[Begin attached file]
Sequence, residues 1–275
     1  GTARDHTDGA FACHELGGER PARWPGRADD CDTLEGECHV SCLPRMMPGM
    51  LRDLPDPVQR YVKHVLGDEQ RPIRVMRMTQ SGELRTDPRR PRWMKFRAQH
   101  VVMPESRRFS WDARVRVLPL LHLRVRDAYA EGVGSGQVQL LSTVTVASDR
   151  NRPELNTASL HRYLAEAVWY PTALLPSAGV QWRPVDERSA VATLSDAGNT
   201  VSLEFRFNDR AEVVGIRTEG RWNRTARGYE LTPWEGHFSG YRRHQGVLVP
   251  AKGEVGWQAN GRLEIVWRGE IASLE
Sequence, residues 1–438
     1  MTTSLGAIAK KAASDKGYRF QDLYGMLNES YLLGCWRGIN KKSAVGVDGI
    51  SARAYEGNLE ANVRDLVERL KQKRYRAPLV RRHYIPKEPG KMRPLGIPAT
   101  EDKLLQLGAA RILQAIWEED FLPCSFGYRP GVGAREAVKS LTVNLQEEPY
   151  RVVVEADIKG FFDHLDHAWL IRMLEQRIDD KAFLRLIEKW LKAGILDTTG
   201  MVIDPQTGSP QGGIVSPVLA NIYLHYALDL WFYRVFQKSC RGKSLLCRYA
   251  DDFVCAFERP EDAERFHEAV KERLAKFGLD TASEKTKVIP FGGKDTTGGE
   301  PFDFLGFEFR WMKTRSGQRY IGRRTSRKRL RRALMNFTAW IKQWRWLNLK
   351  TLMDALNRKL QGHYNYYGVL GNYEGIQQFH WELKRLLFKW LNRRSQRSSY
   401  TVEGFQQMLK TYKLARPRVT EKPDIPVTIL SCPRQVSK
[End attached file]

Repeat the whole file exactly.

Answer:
Sequence, residues 1–275
     1  GTARDHTDGA FACHELGGER PARWPGRADD CDTLEGECHV SCLPRMMPGM
    51  LRDLPDPVQR YVKHVLGDEQ RPIRVMRMTQ SGELRTDPRR PRWMKFRAQH
   101  VVMPESRRFS WDARVRVLPL LHLRVRDAYA EGVGSGQVQL LSTVTVASDR
   151  NRPELNTASL HRYLAEAVWY PTALLPSAGV QWRPVDERSA VATLSDAGNT
   201  VSLEFRFNDR AEVVGIRTEG RWNRTARGYE LTPWEGHFSG YRRHQGVLVP
   251  AKGEVGWQAN GRLEIVWRGE IASLE
Sequence, residues 1–438
     1  MTTSLGAIAK KAASDKGYRF QDLYGMLNES YLLGCWRGIN KKSAVGVDGI
    51  SARAYEGNLE ANVRDLVERL KQKRYRAPLV RRHYIPKEPG KMRPLGIPAT
   101  EDKLLQLGAA RILQAIWEED FLPCSFGYRP GVGAREAVKS LTVNLQEEPY
   151  RVVVEADIKG FFDHLDHAWL IRMLEQRIDD KAFLRLIEKW LKAGILDTTG
   201  MVIDPQTGSP QGGIVSPVLA NIYLHYALDL WFYRVFQKSC RGKSLLCRYA
   251  DDFVCAFERP EDAERFHEAV KERLAKFGLD TASEKTKVIP FGGKDTTGGE
   301  PFDFLGFEFR WMKTRSGQRY IGRRTSRKRL RRALMNFTAW IKQWRWLNLK
   351  TLMDALNRKL QGHYNYYGVL GNYEGIQQFH WELKRLLFKW LNRRSQRSSY
   401  TVEGFQQMLK TYKLARPRVT EKPDIPVTIL SCPRQVSK